An unusual sort of setting for tenor saxophonist Paul Jeffrey – an overlooked player from the east coast scene of the early 70s, and one who only cut a handful of records at the time! The date features Jack Wilkins on guitar, playing with these bright chromatic hues next to Jeffrey's sharper horn – a pairing that makes for an unusual sound, despite a familiar quartet setting – one that's even different from other matches of this nature, such as the work between Sonny Rollins and Jim Hall! Jeffrey's clearly got some bop roots here, but also opens up in other directions too – and the group features Thelonious Monk Jr on drums and Richard Davis on bass.
The title certainly gets it right – as the set's one of the best (and one of the few) albums that trombonist Curtis Fuller cut in the 70s – a searingly sharp session that really shows a change from some of his Blue Note modes of the 60s! There's a current of righteous energy that moves through the set – and which maybe ties the sound more strongly to the sort of underground soul jazz work being recorded by the Black Jazz label of the period, or maybe like some of the hipper currents over at Prestige – such as Joe Henderson's albums. George Cables plays electric piano on the record – which already sets it apart from Fuller's earlier material – and the tracks are long, loose, and open – and graced with strong solo work from Bill Hardman on trumpet, Ray Moros on tenor, and Bill Washer on guitar. Yet perhaps strongest of all in shaping the record is the work of the rhythm duo Stanley Clarke on bass and Lenny White on drums – both working together here at an early point in their careers, but already hinting at the greatness to come. A very different album for Curtis Fuller.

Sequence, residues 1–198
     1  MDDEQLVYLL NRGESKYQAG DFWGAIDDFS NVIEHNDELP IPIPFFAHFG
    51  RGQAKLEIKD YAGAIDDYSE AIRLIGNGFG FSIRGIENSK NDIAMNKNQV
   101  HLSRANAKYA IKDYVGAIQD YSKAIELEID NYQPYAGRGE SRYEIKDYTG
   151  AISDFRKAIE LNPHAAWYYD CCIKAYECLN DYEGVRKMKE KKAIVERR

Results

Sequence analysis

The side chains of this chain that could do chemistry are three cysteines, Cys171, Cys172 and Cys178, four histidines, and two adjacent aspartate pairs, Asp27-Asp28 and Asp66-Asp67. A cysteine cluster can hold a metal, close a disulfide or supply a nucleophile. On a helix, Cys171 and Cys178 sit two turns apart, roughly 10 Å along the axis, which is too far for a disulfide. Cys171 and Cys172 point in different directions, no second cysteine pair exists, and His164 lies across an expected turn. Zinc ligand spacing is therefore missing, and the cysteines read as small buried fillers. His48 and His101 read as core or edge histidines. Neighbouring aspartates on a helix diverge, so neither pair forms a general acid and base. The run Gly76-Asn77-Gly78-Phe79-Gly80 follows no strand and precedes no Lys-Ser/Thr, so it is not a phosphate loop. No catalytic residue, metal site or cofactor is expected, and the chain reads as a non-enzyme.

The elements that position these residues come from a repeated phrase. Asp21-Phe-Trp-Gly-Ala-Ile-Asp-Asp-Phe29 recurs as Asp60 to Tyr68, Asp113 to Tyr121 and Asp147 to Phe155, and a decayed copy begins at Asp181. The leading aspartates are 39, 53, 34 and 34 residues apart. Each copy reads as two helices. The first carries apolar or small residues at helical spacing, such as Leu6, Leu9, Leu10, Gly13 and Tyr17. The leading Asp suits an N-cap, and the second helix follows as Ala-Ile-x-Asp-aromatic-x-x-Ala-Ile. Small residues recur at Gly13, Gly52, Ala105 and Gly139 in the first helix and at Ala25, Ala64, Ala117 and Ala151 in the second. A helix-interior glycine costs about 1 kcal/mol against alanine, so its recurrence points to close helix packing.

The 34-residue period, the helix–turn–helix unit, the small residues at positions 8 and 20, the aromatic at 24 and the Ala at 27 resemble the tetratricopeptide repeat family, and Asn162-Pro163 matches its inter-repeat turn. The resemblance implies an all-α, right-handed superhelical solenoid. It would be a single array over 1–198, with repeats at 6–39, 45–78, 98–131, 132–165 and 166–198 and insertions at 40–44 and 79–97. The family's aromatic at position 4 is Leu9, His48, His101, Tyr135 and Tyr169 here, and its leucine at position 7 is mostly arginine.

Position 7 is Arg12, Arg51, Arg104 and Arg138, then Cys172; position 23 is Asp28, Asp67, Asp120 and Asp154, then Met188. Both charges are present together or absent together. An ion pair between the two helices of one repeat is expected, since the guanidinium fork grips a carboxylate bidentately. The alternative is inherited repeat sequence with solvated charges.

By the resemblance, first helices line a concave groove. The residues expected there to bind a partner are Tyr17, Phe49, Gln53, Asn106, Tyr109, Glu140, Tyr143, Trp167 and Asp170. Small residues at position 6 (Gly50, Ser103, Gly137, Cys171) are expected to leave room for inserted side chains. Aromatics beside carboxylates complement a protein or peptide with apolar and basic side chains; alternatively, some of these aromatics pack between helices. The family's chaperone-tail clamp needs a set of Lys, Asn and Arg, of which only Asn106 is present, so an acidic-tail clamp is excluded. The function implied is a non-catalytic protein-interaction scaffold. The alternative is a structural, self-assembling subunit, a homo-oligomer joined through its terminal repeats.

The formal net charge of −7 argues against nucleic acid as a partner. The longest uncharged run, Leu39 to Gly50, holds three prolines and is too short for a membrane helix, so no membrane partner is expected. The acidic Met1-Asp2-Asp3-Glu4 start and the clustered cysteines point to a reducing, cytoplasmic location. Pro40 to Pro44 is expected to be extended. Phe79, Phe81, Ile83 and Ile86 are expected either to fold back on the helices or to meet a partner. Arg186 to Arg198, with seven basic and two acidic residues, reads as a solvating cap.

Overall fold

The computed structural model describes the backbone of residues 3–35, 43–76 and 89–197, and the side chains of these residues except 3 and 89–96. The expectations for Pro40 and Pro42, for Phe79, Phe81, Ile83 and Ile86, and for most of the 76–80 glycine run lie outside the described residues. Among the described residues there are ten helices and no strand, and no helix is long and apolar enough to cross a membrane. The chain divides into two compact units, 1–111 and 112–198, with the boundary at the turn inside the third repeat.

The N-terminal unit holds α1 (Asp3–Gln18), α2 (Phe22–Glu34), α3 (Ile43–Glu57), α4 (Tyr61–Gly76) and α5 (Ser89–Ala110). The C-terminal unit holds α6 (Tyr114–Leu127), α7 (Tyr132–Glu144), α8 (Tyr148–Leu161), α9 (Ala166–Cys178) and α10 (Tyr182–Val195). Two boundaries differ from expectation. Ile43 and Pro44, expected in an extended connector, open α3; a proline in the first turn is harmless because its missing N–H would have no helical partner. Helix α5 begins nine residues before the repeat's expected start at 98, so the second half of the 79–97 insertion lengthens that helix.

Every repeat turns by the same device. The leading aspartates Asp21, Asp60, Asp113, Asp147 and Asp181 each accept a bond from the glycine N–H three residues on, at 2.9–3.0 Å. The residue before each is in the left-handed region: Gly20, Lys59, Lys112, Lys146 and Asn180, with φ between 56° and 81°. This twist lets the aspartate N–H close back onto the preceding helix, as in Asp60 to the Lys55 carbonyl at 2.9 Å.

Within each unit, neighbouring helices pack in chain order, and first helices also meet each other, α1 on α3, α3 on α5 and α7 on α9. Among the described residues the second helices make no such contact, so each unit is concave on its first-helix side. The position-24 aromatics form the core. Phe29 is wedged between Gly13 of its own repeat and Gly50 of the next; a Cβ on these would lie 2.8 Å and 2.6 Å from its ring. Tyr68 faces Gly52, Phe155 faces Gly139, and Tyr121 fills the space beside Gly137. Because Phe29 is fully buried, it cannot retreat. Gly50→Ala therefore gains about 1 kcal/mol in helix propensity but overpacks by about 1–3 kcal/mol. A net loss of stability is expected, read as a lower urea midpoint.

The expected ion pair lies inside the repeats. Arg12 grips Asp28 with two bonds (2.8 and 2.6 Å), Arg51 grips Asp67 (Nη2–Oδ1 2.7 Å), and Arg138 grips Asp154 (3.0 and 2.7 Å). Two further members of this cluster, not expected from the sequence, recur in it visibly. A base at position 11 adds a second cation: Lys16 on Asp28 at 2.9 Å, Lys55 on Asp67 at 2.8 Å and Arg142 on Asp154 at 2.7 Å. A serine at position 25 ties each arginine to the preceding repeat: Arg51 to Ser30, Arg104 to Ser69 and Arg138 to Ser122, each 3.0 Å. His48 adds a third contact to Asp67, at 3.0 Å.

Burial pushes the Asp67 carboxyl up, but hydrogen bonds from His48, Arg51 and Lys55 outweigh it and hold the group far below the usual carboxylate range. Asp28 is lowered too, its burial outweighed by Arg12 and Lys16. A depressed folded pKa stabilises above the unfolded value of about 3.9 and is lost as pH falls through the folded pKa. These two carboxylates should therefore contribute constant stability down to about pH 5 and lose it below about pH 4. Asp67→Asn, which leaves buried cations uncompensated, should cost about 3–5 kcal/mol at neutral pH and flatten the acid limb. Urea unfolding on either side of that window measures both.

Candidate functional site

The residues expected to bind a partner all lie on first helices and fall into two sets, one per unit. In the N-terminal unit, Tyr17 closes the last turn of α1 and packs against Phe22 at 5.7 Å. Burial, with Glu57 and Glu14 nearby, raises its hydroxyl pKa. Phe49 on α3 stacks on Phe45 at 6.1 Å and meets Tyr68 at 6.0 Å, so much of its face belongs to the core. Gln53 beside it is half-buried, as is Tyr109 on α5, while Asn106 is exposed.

Curtis Fuller is definitely smoking here – finding a way to fit his soulful trombone style to a sweet electric groove for the 70s – all at a level that makes the album one of his best from the decade! The drums are great – handled by Billy Higgins throughout, in a way that can be stone funky at some points, and nicely fluid at others – which Fuller matches with a combo that includes Cedar Walton on acoustic and electric piano, Bill Hardman on trumpet, Jimmy Heath on tenor and soprano, Earl Dunbar on guitar, and Mickey Bass on drums! The whole set is a wonderful step sideways for most players – a great way to reinvent their soulful styles of the 60s, but without going for any modes that are slick and commercial.
Reissue with the latest remastering and the original cover artwork. Comes with a description written in Japanese. One of the first Dutch bands - if not the first - to perform purely Brazilian music, but not with the bossa nova's until then, but with his own compositions that radiate power and are compelling. Founders Josee Koning (vocals) and Peter Schön (keyboards, compositions) devise as a trademark for this approach: two percussionists on stage, live and in the mix on the record.
Reissue with the latest remastering and the original cover artwork. Comes with a description written in Japanese. This is a fun quartet playing a very nice combination of Bossa-Samba-Jazz. Their version (Chick de Ipanema) has a fantastic incidental combination of two of the most amazing Bossa songs of all times in the same song; Girl from Ipanema and Summer Samba in a smooth and subtle way that will blow you away. Their other renditions to Bossa classics are amazing. Check them out, you'll love them.